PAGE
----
quizballs 132 - general knowledge quiz - questions & answers

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quizballs 132 - free general knowledge quiz - questions and answers for trivia quizzes and pub quizzes


  1. What is the upright cylindrical apparatus on a ship around which cables or hawsers are wound for hoisting anchors and lifting sails, etc - and also a UK brand of unfiltered high-tar cigarette? Capstan
  2. The Crimean Peninsula is part of which European country? Ukraine
  3. What is the vein running along the centre of a leaf called? Midrib
  4. The disease beriberi is caused by the deficiency of which vitamin? B1 (Thiamine)
  5. What is measured in Hertz? Frequency (typically of radio and audio waves/applications)
  6. 24 Sussex Drive is the official residence of the Prime Minister of which country? Canada
  7. Hyperion and Rhea are two moons of which planet in our solar system? Saturn
  8. "This is a sharp medicine, but it is a physician for all diseases and miseries..." is attributed to which historical figure as he was about to be executed, in 1618? Sir Walter Raleigh
  9. The citrus fruit ortanique is a cross between which two fruits? Orange and Tangerine
  10. In the UK, the half-crown coin (2/6 - two-shillings and sixpence - equating to 12½ pence) was demonetised on the last day of which year? 1969 (see fascinating British money facts, history and slang)
  11. Which English poet is associated with Dove Cottage in Grasmere? William Wordsworth
  12. What does the well known Latin phrase 'cogito, ergo sum', commonly attributed to René Descartes, translate as in English? I think, therefore I am (French philosopher René Descartes, 1596-1650, used the expression in French, "Je pense donc je suis," in his Discourse on Method, 1637, and later in Latin, "Cogito ergo sum" in Principles of Philosophy, 1644, however the originator of the phrase is said to be the Greek philosopher Socrates, 469-399 BC, in his work Great Dialogues of Plato.)
  13. In which country was astronomer and scientist Nicolaus Copernicus born? Poland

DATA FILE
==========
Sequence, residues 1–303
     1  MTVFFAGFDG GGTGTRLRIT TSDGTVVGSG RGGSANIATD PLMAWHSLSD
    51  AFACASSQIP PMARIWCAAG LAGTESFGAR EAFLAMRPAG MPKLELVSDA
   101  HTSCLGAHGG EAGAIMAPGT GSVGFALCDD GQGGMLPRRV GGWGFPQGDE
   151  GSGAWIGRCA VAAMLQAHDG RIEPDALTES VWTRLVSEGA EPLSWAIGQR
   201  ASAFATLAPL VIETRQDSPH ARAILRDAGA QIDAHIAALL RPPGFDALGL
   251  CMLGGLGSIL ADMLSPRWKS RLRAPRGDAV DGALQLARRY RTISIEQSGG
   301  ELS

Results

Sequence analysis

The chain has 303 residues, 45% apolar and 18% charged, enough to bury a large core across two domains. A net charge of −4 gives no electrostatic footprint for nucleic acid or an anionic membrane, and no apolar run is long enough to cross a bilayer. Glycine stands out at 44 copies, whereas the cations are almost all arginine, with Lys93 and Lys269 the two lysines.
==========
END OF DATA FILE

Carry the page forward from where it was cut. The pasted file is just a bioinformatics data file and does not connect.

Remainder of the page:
14. Which country is referred to as 'The Land of the Long White Cloud'? New Zealand
  15. Astigmatism affects which part of the human body? Eye (typically due to an irregular curvature of the lens - put simply, the eye might be described as oval rather than round)
  16. Who would use a maulstick, or mahlstick? Artist/painter (it is a stick with a padded or soft leather head which supports the hand which holds the brush)
  17. The Capuchin Catacombs are on which Mediterranean island? Sicily
  18. An isohel is a line on a map connecting two points which have the same duration of what? Sunshine (from the Greek words iso, equal, and helios, sun)
  19. Who, having a name which brings to mind a children's game played all around the world, was appointed Home Secretary in Britain in May 1997? Jack Straw (Jackstraws is a branded game product version of the 'pick-up-sticks' game)
  20. Which English king, who lived from about 988-993 to 1016, was nicknamed Ironside? Edmund II (his nickname resulted from his successful defence of Wessex, southern England, against the Viking King Cnut, also called Canute.)
  21. Glyptogography, or glyptics, is the art of carving or engraving on what? Gemstones
  22. Which artist painted the 'Man in a Red Turban'? Jan van Eyck
  23. 'The Landlord's Game', patented in the US by Elizabeth Magie in 1904, was a form of which now popular board game? Monopoly
  24. Which musical note has the same value as half a semibreve or two crochets? Minim
  25. Which sportswear company was founded as 'Blue Ribbon Sports' by Bill Bowerman and Philip Knight in 1964? Nike
  26. In the religious calendar, what are the last two weeks of Lent known as? Passiontide
  27. What type of insect is a devil's coach horse? Beetle
  28. In which controversial novel and film does the Korova Milk Bar appear? A Clockwork Orange
  29. What is the highest US military award for bravery? Medal of Honor
  30. What is the term for a word formed from the initial letters of other words, such as NATO? Acronym (see useful and amusing acronyms)


Question 24 corrected (omitted word 'half' inserted) - thanks J Gee - 10 Feb 2011.


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